Tuesday, February 26, 2013

JAMA, Integrity, Accessibility, and Social vs. Scientific Peer Review

Yesterday, I posted regarding a JAMA Clinical Evidence series article involving procalcitonin measurement to guide antibiotics stewardship.  This is an article I read, raised concerns regarding other negative trials in the same spectrum, and depressingly noted conflict-of-interest with each of the three authors.

Graham Walker, M del Castillo-Hegyi, Javier Benitez and Chris Nickson picked up the blog post, spread it through social media and Twitter, and suggested I write a formal response to JAMA for peer-reviewed publication.  My response – I could put time into such a response, but what would JAMA's motivation be to publish an admission of embarrassing failure of peer-review?  And, whatever response they published would be sequestered behind a paywall – while BRAHMS/ThermoFisher continued to happily reprint away their evidence review from JAMA.  Therefore, I will write a response – but I will publish it openly here, on the Internet, and the social peer review of my physician colleagues will determine the scope of its dissemination based on its merits.

Again, this JAMA article concerns procalcitonin algorithms to guide antibiotic therapy in respiratory tract infections.  This is written by Drs. Schuetz, Briel, and Mueller.  They each receive funding from  BRAHMS/ThermoFisher for work related to procalcitonin assays (www.procalcitonin.com).  The evidence they present is derived from a 2012 Cochrane Review – authored by Schuetz, Mueller, Christ-Crain, et al.  The Cochrane Review was funded in part by BRAHMS/ThermoFisher, and eight authors of the review declare financial support from BRAHMS/ThermoFisher.

The Cochrane Review includes fourteen publications examining the utility of procalcitonin-based algorithms to initiate or discontinue antibiotics.  Briefly, in alphabetical order, these articles are:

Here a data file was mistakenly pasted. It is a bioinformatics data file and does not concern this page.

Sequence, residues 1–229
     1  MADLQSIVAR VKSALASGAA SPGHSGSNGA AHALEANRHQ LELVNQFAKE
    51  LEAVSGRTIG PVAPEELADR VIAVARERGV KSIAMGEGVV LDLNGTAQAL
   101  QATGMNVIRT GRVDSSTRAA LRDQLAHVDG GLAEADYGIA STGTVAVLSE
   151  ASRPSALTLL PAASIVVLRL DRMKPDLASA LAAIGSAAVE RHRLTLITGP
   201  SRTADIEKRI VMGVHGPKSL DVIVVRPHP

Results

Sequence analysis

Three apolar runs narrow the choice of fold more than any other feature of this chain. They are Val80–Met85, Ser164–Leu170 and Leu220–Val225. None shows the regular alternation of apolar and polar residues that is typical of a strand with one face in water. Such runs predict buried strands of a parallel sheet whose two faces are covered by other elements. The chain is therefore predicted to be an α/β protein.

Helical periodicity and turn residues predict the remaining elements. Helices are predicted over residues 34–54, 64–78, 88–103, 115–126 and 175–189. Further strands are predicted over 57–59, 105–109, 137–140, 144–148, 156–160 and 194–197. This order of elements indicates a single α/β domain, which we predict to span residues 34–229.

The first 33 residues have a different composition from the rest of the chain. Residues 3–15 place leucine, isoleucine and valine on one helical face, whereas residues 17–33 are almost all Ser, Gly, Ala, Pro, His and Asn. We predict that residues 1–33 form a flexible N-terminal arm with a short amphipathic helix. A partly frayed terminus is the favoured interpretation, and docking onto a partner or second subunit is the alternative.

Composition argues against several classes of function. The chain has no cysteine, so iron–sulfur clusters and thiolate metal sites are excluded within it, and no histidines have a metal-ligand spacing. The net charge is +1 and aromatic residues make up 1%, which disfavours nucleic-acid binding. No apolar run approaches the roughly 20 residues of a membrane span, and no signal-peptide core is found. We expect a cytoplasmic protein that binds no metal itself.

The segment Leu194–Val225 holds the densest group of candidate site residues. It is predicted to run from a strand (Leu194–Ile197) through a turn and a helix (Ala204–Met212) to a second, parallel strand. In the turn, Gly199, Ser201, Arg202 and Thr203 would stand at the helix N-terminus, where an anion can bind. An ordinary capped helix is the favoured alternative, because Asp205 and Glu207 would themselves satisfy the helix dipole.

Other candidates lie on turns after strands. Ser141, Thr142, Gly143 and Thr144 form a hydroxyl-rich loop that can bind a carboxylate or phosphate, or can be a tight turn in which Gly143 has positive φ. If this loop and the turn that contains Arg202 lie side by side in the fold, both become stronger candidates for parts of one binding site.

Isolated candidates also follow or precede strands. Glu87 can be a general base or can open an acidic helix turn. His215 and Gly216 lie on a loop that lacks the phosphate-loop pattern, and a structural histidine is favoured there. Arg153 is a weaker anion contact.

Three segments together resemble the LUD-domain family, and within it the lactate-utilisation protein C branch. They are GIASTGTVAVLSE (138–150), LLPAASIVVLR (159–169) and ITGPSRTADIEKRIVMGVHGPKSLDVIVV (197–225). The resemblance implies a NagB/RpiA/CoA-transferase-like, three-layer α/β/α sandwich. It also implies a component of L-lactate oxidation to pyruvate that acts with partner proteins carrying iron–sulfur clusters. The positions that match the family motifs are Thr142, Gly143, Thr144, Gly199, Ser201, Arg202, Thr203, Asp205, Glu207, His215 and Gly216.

• Boudama 2010 - Authors declare COI with BRAHMS.  This is a generally negative study with regards to the utility of procalcitonin.  Antibiotic use was reduced, but mortality trends favored standard therapy and the study was underpowered for this difference to reach statistical significance (24% mortality in controls, 30% mortality in procalcitonin-guided at 60 days).
  • Briel 2008 - Authors declare COI with BRAHMS.  This study is a farce.  These ambulatory patients were treated with antibiotics for such "bacterial" conditions as the "common cold", sinusitis, pharyngitis/tonsilitis, otitis media, and bronchitis.  
  • Burkhardt 2010 - Authors declare COI with BRAHMS.  Yet another ambulatory study randomizing patients with clearly non-bacterial infections.
  • Christ-Crain 2004 - Authors declare COI with BRAHMS.  Again, most patients received antibiotics unnecessarily via poor clinical judgement, for bronchitis, asthma, and "other".
  • Christ-Crain 2006 - Authors declare COI with BRAHMS.  This is a reasonably enrolled study of community-acquired pneumonia patients.
  • Hochreiter 2009 - Authors declare COI with BRAHMS.  This is an ICU setting enrolling non-respiratory infections along with respiratory infections.  These authors pulled out the 47 patients with respiratory infections.